,
can be approximated
accurately by
BM03 have calculated a grid of N-body simulations of clusters in
circular and elliptical orbits in the tidal field of
a galaxy for different initial cluster masses, galactocentric distances R, and
different cluster density profiles. The stars follow a Kroupa initial mass function
and stellar evolution is taken into account during the evolution.
Gieles et al. (2004) have shown that for all models with
clusters with
of BM03 the dissolution time can be expressed as a function of the initial cluster mass as
GAPZ06 studied the dissolution of star clusters by spiral arms by
means of N-body simulations. They used and adjusted the analytical
expression of Ostriker et al. (1972) for the dissolution time of
star clusters due to disk shock, to derive an expression for the
dissolution time of star clusters by spiral arms (
).
Mass loss by spiral arm shocks will occur just at the moment the cluster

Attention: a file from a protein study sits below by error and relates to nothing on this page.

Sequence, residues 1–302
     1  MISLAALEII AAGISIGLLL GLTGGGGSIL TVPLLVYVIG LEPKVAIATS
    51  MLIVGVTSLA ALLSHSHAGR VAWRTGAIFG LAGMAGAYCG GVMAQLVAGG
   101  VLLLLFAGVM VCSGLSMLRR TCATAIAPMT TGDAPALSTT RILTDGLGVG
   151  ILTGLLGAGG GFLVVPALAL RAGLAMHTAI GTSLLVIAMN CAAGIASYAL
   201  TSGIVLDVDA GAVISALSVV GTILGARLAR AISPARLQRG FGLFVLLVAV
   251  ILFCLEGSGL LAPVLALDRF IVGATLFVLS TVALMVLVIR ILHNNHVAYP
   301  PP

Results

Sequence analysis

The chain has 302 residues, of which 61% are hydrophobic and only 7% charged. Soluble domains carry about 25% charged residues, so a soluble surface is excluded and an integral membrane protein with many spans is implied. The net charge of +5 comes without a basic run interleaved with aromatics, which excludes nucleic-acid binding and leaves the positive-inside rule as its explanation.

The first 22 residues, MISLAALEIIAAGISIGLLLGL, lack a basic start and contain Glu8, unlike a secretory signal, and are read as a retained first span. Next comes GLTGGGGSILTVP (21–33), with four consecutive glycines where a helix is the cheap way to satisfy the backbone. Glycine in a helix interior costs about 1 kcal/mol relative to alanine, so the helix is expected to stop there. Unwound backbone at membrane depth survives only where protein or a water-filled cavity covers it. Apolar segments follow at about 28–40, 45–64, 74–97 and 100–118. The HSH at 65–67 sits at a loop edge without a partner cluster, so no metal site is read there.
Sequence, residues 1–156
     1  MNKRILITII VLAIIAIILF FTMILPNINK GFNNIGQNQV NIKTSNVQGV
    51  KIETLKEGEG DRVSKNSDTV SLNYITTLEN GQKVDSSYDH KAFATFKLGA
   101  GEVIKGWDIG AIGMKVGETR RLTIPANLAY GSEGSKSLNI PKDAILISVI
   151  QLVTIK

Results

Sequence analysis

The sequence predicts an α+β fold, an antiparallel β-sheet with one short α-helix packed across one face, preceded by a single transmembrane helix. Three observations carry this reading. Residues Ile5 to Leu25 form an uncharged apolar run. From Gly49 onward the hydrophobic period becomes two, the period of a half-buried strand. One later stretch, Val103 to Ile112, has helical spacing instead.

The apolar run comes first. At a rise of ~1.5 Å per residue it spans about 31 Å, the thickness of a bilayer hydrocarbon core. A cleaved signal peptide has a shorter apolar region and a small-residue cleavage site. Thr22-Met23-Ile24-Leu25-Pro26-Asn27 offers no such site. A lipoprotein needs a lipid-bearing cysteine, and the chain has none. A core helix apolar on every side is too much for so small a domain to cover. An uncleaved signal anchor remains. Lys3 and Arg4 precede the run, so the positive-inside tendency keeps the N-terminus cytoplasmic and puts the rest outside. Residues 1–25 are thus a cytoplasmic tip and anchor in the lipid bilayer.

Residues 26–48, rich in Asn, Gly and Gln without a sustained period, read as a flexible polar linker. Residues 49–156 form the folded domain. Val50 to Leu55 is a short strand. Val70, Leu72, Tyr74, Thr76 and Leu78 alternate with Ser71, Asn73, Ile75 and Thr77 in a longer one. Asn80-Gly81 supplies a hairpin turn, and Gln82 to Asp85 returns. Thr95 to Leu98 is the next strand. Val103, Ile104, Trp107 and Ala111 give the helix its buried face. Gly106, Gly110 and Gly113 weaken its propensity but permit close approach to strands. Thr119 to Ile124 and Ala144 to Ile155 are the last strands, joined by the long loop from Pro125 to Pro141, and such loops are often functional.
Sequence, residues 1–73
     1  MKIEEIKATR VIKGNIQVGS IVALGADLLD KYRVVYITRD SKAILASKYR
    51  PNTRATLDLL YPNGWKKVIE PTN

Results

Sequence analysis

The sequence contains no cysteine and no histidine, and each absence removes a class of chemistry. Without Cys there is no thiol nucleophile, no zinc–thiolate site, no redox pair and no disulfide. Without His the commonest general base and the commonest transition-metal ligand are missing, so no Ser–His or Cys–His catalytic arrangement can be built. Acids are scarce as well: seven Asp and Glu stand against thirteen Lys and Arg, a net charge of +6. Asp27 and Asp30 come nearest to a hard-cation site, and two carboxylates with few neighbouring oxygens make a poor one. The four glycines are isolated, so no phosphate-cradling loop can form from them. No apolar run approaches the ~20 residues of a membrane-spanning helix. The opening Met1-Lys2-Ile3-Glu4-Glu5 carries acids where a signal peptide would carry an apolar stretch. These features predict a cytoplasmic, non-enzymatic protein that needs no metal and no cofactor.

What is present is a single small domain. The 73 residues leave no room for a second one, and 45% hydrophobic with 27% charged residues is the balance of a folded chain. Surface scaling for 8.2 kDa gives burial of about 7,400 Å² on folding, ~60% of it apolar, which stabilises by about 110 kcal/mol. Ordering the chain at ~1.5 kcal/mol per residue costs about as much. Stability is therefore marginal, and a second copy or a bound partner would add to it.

crosses the spiral arm. Assuming that spiral arms move with a constant pattern speed (
)
and that the matter in the disk has a constant circular
velocity (
), the relative velocity between the two (
)
depends on the location in the galaxy (R). Density waves that pass with a low velocity have a large effect on the star clusters (e.g. Ostriker et al. 1972). Therefore, the disruptive
effect of spiral arm shocks is most important close to the corotation
radius (
), i.e. the point where the disk and the spiral
arms have the same rotational velocity. We adopt the "average''
spiral arm model of GAPZ06, which is based on the study